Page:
Could you help with my English Lit controlled assessment?

Watch this thread
Badges: 0
? You'll earn badges for being active around the site. Rep gems come when your posts are rated by other community members.
Report Thread starter 5 years ago
I'm studying CCEA English Literature and have a controlled assessment coming up. Could you read the essay I've prepared and give some guidance on it? I'd appreciate it immensely.

The question is "With reference to the ways Steinbeck presents hopes for a better life, show that they are unrealistic but necessary."

In the 1930s, America was shaken to its very core; first by the Wall Street Crash, and, consequently, by the Great Depression. As a result of this, many were left homeless and destitute, and of these, many became itinerant farm workers. John Steinbeck’s Of Mice and Men focuses on a group of such farm workers. Hope is a constant theme throughout the novella. Steinbeck presents these hopes- or lack thereof, as a huge factor in the lives of these men. He shows them as a great motivator, the catalyst for many relationships, and often the sole light in the darkness for men living in such troubled times. However, he also shows the unrealistic nature of these dreams; it is by unrealised hopes and dreams that many have been ruined.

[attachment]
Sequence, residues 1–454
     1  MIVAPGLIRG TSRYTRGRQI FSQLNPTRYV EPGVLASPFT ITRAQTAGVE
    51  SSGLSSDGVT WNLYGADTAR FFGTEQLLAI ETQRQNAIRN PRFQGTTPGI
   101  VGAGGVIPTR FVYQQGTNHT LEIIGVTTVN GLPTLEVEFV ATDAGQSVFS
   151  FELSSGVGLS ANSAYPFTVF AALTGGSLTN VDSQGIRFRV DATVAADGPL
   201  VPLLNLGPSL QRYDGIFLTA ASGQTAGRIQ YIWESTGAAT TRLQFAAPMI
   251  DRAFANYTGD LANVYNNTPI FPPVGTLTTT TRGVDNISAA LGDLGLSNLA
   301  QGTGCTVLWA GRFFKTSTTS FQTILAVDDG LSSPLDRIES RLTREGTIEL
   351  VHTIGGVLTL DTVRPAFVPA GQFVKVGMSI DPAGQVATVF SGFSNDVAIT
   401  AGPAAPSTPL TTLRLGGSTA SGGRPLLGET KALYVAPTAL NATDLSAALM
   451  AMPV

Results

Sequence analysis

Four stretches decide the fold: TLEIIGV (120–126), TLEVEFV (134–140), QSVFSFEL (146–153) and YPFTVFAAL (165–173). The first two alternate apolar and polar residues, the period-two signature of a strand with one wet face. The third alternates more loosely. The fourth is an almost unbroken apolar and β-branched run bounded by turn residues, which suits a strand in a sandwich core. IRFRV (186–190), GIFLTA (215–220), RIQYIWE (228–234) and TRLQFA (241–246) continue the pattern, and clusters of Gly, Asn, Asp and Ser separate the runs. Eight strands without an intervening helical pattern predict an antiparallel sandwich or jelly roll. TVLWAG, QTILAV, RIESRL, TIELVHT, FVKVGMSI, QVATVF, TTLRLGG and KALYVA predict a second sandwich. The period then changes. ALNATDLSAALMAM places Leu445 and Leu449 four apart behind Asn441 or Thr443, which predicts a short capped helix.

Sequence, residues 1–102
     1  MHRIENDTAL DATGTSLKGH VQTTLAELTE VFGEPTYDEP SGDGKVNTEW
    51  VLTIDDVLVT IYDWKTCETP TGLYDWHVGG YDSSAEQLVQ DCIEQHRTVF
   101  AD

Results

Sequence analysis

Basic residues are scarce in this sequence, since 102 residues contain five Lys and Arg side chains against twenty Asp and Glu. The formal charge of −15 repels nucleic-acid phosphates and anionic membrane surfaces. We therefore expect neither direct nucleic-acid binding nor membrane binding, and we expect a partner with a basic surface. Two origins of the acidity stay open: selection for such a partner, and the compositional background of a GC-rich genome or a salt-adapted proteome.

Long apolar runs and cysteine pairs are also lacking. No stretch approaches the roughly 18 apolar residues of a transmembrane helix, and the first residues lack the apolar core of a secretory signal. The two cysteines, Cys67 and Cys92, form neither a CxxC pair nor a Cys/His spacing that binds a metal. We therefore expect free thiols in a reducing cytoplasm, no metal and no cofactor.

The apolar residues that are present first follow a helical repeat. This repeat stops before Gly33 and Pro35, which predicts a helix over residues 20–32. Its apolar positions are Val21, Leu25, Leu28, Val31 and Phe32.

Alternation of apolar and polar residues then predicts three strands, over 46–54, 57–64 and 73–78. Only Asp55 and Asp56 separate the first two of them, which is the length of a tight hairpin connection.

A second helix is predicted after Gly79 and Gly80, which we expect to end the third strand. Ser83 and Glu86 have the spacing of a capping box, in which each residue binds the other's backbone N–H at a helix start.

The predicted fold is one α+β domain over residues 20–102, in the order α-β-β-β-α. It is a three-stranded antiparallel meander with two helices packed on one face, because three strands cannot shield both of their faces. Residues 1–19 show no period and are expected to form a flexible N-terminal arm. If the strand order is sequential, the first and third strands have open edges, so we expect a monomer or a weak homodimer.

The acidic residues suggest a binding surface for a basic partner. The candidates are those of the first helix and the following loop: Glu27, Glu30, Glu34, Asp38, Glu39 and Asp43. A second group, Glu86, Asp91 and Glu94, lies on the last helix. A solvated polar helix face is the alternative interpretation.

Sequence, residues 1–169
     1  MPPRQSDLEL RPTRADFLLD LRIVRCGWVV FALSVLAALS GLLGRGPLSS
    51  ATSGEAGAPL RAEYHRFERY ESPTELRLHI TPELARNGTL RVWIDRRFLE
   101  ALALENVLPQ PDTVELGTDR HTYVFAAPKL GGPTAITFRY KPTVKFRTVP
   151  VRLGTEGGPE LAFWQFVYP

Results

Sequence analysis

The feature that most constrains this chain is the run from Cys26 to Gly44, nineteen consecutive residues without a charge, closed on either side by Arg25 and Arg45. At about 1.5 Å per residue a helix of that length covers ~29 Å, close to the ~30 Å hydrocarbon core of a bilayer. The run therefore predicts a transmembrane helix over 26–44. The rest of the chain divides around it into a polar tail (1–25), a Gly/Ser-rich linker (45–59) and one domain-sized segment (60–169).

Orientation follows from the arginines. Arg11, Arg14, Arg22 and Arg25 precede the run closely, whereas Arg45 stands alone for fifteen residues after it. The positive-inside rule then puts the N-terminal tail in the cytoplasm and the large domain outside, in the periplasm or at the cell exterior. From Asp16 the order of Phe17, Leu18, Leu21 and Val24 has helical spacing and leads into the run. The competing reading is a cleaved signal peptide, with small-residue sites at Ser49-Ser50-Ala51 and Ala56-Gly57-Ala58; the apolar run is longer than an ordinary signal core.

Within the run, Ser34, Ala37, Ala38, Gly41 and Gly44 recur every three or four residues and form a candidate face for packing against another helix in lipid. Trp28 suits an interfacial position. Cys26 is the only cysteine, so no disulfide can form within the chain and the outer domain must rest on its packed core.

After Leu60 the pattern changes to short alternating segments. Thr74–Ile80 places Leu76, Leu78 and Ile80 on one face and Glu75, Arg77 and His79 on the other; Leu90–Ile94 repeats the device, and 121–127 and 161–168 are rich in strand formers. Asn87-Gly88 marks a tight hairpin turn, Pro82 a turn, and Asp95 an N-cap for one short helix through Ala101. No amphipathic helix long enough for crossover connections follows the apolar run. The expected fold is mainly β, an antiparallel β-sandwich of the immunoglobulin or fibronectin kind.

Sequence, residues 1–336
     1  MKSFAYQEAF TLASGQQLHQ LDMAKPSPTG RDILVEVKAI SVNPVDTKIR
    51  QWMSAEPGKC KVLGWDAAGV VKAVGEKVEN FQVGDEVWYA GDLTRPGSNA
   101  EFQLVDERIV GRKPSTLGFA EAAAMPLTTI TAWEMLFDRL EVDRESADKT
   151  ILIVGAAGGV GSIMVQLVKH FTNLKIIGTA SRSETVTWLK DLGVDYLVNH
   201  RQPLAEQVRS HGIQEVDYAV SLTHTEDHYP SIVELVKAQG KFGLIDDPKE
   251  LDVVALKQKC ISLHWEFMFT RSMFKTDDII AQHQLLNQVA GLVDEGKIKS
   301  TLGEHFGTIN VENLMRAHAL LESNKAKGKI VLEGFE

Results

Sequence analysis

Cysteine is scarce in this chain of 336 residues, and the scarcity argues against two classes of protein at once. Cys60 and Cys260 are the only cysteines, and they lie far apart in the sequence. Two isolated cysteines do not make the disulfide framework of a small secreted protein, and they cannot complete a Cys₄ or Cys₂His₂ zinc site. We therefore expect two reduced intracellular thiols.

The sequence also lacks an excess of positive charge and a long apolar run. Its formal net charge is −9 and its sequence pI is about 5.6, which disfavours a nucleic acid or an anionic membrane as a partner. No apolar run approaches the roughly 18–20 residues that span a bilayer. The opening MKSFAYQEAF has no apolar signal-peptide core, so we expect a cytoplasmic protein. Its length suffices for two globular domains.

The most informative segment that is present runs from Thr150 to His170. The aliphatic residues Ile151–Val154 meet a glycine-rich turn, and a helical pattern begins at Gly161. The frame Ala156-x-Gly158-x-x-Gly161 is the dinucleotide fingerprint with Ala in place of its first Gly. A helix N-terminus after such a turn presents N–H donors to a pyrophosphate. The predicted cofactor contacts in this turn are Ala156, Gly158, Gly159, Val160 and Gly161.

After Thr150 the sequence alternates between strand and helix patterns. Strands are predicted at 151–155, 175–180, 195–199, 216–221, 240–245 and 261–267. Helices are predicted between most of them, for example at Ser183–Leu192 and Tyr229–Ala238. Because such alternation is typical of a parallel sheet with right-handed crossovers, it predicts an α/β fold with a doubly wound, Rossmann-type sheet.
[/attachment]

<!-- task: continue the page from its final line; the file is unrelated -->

Steinbeck places two major hints towards the inevitable failure of the hopes of these men. The book is named after Roberts Burns’ Ode to a Mouse, which states that ‘The best laid plans o’ mice an’ men gang aft agley’, meaning ‘The best laid plans of mice and men often go awry’, foreshadowing the fruitless outcome of these hopes. In addition, the novella takes place near the town of Soledad, which is Spanish for ‘solitude’. This helps us to understand the necessity of hope- without it, these lonely men would become cynical and embittered. This is supported by George’s quotation from chapter 3 “I seen the guys that go around on ranches alone… after a long time, they get mean.” This hints at the fate that awaits George following Lennie’s death.

In chapter 1, we learn that George and Lennie’s shared hope is to own their own farm and ‘live off the fatta the lan’’. We learn of this when Steinbeck says ‘Lennie pleaded “Come on George. Tell me.”’ In response George speaks “rhythmically, as though he had said it many time before.” The verb ‘pleaded’ shows Lennie’s desperation to hear of this, his sole motivation, once more. However, the verb ‘rhythmically’ shows that George doesn’t truly share in the belief that this hope will come to fruition, as he recognises that it is unrealistic- it is as though he is rehearsing a performance, rather than speaking of his true beliefs.

In chapter 2, Steinbeck refers to “Those Western magazines ranch men love to read and scoff at and secretly believe.” This quotation shows that everyone needs hopes to provide motivation, such as being a hero, as in one of the aforementioned magazines. The verb ‘scoff’, however, shows that even they are willing to admit that their hope is unrealistic, emphasised by the adverb ‘secretly’. This shows that their hopes are unrealistic but necessary.